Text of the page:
We chatted with Andrus Viirg, the chairman of our Board to shed some light on the early years of Latitude59.
How did Latitude59 start?
In the beginning, there was ItechLaw Tallinn Conference in 2008. At this time it was primarily aimed at law companies dealing with tech. The Tallinn chapter got its start thanks to Richard Horning, who was the president of ITech Law as well as the Estonian Honorary Consul in Silicon Valley at the time.
Although startup companies were already very attractive and on the rise all over the world, the Estonian startup scene was still making baby steps back then. At first, ITech Law was a one-day event with approximately 50 attendees but it started to slowly get bigger and soon became too big and thus a decision to move forward with our own conference was born.
Once it was clear that we’re moving on with our own conference, we were looking at the Estonian map with Priit Salumaa, Jüri Kaljundi, Raido Pikkari, and Richard Horning, and speculating about the name for the conference. Somebody – possibly Richard – asked about the line which passes through Estonia. We figured out it is the 59th latitude line and thought it would be a great name for the conference. That same line also passes through Stockholm, Oslo, and Saint-Petersburg, where the startup scene was growing as well.
How has Latitude59 changed over the years?
Although Latitude59 has always been somewhat connected to my job at Enterprise Estonia (EAS) and many speakers then and now come through my connections in Silicon Valley, there were initially some difficulties presenting the Estonian success stories abroad. Latitude59 was more of an educational workshop than a conference at that time. However, the local community was in constant touch with Latvian, Lithuanian, and Ukrainian startups.
In 2015 the local startup ecosystem started to grow and many venture capitalists became interested in Estonia. It was a very momentous year for Latitude59 – the number of participants rose to over 1,600 and this was also the first year the conference was streamed live to thousands of people. Annika Ljaš, the then CMO of Latitude59, also led the move to Kultuurikatel, our current venue.
Latitude59 just hasn’t worn itself out, it stays fresh. This is partly thanks to our vast network and a strong fan club around the world. We’ve made a conscious decision not to grow the audience numbers as otherwise, it would make the networking a bit too difficult. This approach has certainly helped to sustain the quality of the event.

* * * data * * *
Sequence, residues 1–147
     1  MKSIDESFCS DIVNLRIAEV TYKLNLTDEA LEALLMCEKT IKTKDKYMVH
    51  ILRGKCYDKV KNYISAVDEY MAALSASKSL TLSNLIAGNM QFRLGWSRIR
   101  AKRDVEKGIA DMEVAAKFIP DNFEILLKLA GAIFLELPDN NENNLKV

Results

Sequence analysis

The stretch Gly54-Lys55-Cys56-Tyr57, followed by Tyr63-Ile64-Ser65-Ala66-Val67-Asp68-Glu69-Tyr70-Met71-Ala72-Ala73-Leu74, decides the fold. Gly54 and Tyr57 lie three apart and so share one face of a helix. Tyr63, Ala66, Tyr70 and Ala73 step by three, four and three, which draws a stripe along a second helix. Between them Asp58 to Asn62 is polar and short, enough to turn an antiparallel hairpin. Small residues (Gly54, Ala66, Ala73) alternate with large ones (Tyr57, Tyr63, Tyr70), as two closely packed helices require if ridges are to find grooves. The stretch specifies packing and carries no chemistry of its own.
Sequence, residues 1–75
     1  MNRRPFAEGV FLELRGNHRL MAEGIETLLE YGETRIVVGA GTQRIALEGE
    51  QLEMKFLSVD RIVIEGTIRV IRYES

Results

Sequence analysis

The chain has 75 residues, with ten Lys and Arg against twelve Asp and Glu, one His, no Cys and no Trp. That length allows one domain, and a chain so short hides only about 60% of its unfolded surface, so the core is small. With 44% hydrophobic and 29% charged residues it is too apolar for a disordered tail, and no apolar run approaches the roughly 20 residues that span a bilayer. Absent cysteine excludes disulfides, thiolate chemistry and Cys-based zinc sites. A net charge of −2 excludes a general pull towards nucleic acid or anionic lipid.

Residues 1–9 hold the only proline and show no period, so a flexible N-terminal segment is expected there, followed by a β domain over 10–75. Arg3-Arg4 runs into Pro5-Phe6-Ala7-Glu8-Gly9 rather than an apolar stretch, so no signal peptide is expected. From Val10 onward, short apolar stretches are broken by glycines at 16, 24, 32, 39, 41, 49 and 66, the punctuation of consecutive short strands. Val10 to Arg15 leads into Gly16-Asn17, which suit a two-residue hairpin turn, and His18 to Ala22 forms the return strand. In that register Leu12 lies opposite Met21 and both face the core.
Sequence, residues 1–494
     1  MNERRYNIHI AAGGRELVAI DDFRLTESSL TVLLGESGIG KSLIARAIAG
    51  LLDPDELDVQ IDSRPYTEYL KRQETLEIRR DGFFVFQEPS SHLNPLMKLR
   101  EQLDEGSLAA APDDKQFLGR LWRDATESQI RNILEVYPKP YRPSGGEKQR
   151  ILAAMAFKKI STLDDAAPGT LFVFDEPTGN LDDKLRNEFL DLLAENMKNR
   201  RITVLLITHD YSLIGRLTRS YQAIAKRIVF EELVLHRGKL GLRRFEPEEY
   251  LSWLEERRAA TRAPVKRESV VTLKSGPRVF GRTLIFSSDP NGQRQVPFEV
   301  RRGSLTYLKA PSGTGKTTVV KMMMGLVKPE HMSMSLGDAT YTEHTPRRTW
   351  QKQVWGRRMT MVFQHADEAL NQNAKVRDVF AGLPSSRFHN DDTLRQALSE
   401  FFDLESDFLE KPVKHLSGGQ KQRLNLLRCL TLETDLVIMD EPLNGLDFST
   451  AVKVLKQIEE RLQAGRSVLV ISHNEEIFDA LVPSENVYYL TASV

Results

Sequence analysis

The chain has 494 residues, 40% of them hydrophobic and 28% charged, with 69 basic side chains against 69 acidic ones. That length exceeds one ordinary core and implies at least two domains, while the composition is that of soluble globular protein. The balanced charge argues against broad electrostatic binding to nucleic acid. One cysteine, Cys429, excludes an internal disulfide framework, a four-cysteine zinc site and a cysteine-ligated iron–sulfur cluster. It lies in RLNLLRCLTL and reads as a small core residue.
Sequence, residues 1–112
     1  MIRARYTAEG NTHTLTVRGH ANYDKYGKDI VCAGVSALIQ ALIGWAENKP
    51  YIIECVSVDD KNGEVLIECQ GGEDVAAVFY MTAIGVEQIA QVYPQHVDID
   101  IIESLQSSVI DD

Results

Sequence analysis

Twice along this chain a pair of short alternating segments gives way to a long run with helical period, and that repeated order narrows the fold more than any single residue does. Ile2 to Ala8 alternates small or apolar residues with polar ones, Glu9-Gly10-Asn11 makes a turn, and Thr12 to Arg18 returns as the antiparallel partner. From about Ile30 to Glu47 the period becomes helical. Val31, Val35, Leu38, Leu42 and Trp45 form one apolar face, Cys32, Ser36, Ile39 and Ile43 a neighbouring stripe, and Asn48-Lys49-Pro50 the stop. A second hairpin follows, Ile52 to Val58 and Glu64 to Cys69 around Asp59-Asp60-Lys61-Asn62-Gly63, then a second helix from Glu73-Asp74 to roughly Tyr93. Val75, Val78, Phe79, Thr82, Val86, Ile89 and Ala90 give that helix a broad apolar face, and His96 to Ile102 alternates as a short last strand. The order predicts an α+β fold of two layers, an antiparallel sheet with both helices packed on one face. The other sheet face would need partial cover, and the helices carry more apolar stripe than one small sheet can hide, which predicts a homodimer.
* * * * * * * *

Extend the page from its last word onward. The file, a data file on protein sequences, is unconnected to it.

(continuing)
We didn’t initially have the courage to believe that Estonia and Latitude59 would have so many success stories but look at us now! Four unicorns and €328m raised in 2018! That’s why the investors don’t want to miss anything either.
How do you attract sponsors?
In the beginning, the main sponsors of Latitude59 were law companies. Today, since we have so many success stories, the greatest support comes from private sponsors as well as Estonian banks, financial institutions, and venture capital companies.
What is the future vision for Latitude59?
Latitude59 has to definitely continue! In addition, we are looking for opportunities for internationalization: for example, this autumn we are going to organize Latitude44 conference in Toronto, Canada. Our goal is to keep living up to our reputation because the name Latitude59 is tightly associated with Estonia.
Thank you to everyone who has organized and participated at Latitude59!
There is still time to get Latitude59 2019 tickets! Join us on 16-17 May in Tallinn, Estonia for inspiring stage program in 15 tracks and many side events, interactive audience sessions, high-stakes pitching competitions, demo area and matchmaking for all the attendees. Our usual suspects’ Founder Stories, Best of Baltics and Reverse Pitching are also there. See you at L59!
– Interview with Andrus Viirg by Helena Eglit